Bullying or Victimization

  • Has your teenager experienced bullying at school?
  • Has your teenager mentioned experiencing any form of bullying or harassment at school?
  • Have you received any reports of your teenager bullying their peers?

Social Anxiety

  • Does your teenager experience anxiety or discomfort in social situations?
  • Have they expressed fears of being judged by their peers?
  • Do they avoid social gatherings or events due to anxiety?

Gender-Specific Signs of Trauma

There is a wide difference in the signs exhibited by teenage boys and teenage girls exposed to trauma. According to research comparing victimization and accidental trauma, men showed more signs of negative self-perception.

Several factors may influence gender-specific signs of trauma in teenage girls and boys. One factor is that both men and women express emotions differently. This may affect the signs they choose to suppress and those they choose to show. Some factors include gender norms, cultural expectations, and biological differences. Boys and girls also have different coping skills, a factor that largely affects how they handle trauma.

Signs More Common in Boys

Teenage boys experiencing adolescent trauma may portray different signs as compared to their female counterparts. Some of the signs likely to be portrayed include:

Increased Risk-taking Behaviors

Emotional distress is one of the side effects of most trauma victims. To mask the emotional distress, teenage boys may resort to engaging in risky behaviors as a coping mechanism. Some of the dangerous behaviors include reckless driving, drug abuse, risky sexual behaviors, and acts of violence.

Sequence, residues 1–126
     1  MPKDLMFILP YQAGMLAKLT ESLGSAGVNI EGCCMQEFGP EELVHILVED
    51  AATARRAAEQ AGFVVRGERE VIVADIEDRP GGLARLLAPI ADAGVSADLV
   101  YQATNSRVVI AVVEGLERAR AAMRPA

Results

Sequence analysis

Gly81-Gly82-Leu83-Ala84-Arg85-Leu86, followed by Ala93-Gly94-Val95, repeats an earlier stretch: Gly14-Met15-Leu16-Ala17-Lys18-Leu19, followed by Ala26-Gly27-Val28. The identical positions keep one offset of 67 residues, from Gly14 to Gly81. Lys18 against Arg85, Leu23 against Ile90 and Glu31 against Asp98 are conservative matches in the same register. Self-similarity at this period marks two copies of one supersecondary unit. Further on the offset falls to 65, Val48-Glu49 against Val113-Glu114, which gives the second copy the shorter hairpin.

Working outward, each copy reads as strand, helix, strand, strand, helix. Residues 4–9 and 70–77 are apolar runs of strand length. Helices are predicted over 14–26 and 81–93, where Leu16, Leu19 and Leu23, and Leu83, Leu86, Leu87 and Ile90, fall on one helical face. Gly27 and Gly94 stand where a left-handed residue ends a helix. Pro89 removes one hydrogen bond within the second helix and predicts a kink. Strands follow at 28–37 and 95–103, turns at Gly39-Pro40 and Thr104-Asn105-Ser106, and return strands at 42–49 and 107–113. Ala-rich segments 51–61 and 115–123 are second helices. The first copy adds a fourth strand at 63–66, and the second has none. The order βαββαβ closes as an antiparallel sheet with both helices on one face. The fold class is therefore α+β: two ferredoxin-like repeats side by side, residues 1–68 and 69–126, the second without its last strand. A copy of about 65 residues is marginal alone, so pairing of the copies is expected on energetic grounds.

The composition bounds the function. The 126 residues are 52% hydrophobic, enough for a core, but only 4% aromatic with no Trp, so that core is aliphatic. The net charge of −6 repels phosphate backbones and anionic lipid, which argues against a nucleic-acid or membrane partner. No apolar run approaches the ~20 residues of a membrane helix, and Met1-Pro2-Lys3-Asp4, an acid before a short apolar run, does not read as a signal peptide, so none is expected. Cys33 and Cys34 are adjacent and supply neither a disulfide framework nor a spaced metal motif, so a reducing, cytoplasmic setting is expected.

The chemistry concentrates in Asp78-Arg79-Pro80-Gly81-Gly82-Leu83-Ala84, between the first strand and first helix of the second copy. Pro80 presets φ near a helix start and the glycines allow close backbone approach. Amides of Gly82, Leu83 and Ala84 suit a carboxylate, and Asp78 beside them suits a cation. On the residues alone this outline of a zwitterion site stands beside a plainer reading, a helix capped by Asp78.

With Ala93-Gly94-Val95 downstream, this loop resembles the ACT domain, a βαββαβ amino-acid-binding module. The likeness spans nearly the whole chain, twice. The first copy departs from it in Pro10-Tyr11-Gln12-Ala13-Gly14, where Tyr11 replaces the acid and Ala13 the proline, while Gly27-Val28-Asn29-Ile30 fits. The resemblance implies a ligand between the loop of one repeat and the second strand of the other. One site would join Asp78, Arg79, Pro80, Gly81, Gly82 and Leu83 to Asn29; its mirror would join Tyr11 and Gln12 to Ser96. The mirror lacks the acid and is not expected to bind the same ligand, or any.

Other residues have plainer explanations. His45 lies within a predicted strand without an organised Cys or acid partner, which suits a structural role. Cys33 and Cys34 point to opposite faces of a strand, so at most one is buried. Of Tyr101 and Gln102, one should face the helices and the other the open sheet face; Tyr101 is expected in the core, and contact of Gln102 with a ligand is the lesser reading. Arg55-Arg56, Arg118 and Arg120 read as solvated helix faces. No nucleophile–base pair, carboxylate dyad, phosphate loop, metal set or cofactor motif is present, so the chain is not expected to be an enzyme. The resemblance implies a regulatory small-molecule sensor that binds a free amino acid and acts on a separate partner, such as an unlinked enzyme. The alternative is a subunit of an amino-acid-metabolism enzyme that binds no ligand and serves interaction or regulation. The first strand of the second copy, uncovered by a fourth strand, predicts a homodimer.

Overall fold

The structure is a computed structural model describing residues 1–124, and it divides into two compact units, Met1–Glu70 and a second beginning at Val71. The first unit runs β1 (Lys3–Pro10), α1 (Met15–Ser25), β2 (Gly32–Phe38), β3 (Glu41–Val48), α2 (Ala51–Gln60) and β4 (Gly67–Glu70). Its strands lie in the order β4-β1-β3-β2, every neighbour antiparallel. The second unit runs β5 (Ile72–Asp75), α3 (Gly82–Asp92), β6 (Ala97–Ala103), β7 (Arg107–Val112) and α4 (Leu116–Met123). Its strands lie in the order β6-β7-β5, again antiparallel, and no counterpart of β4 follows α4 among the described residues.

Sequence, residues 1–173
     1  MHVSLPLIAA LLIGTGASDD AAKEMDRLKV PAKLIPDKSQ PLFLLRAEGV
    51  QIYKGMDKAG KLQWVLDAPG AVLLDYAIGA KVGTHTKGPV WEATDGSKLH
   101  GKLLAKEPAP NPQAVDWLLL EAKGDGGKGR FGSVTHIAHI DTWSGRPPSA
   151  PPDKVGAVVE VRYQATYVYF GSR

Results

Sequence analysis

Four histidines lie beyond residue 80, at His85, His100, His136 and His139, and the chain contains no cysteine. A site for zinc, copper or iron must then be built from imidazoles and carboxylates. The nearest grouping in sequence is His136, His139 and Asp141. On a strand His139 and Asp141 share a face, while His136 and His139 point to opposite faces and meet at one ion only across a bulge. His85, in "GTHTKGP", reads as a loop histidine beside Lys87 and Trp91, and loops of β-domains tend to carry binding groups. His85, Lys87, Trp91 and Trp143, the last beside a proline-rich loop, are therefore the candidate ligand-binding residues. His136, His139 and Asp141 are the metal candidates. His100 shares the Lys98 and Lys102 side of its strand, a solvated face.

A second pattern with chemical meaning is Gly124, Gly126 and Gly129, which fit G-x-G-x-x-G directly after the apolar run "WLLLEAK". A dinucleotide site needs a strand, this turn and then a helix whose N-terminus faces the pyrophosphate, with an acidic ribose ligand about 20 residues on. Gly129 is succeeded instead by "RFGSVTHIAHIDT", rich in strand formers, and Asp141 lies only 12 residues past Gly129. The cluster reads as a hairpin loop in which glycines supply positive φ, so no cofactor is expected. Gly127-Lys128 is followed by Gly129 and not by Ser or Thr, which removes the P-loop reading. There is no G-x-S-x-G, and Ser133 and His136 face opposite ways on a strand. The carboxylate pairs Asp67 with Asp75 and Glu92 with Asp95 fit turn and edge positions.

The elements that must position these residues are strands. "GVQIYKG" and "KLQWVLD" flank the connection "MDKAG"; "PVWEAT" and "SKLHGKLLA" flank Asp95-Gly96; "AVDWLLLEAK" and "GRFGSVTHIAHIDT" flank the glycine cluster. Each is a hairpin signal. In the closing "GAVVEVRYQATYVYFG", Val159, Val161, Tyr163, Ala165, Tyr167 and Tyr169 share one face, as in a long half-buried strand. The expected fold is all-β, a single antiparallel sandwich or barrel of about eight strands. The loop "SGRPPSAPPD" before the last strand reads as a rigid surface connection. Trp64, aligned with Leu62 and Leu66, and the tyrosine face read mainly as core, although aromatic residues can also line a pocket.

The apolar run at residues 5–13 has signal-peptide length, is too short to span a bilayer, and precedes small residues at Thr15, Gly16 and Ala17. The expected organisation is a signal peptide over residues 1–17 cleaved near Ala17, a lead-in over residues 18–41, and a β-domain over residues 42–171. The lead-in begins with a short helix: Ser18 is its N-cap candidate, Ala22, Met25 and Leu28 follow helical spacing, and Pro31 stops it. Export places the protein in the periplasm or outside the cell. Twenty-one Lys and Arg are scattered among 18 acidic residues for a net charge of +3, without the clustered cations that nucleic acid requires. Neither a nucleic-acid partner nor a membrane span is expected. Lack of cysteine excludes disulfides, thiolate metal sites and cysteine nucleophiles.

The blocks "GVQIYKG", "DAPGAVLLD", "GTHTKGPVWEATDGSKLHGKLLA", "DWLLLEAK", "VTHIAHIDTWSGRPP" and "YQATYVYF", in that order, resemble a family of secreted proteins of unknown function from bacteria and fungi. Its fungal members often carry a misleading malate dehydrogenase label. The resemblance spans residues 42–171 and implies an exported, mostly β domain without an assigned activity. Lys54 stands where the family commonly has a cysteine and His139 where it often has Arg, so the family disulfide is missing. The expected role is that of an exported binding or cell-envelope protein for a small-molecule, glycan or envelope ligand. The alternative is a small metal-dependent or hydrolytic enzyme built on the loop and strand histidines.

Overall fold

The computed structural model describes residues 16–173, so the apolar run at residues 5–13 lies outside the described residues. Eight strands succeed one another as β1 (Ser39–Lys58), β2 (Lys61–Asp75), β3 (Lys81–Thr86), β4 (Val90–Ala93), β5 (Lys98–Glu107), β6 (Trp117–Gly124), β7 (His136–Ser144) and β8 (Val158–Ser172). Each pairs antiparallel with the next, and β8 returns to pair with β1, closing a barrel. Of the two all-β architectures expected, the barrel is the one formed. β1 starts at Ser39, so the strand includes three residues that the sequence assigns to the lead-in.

Aggression Towards Others or Self

Teenage boys suffering from trauma may also display active aggression toward themselves or people around them. You may notice your teenager acting out by damaging property, punching walls, or bullying their peers. All of this may be an attempt to externalize and communicate their pain.

Hiding Emotions or Playing Down Serious Events

Society has always expected boys to be strong and resilient. This may drive teenage boys to hide their emotions. They may also downplay their feelings by remarking that their problems are not serious.

Other signs that may be more prevalent in boys than girls include: 

  • Excessive use of technology, e.g., video games, to mask their pain
  • Embracing nonverbal communication to avoid talking about their experiences.
  • Impulsive actions and decisions.
  • Reluctance in seeking help.

Signs More Common in Girls

Girls often exhibit certain traits when it comes to experiencing trauma. Some of the specific characteristics you should be on the lookout for include:

Sudden Changes in Eating Habits or Body Image Issues

One of the side effects of trauma is shifts in eating patterns. Sudden changes in eating habits and obsession with body image in your teen girl may be a sign of eating disorders. Research done on individuals with traumatic stress reveals that trauma affects eating patterns. Some may use it as a coping mechanism, while others experience a lack of appetite.

Sexual trauma victims also experience heightened body dissatisfaction. Such consciousness may eventually lead to body dysmorphic disorder.

Withdrawal from Friends and Family in Favor of Spending Time Alone

Most women tend to emphasize interpersonal relationships. Whether your teen is outgoing or not, it is common for them to have one or a few close friends. When your teen starts isolating and avoiding interactions with close friends, it may be a sign that they are battling trauma.

Expressing Feelings of Guilt or Shame Over Everyday Actions

Individuals who have experienced trauma often blame themselves for various reasons. It may stem from helplessness, survivors’ guilt, or as a coping mechanism. Your teenage girl constantly expressing how guilty they feel may be a sign of trauma. They may also hint that they feel shame. When you notice such behaviors, have a conversation with them. They may be hinting they went through a horrible event and would love help.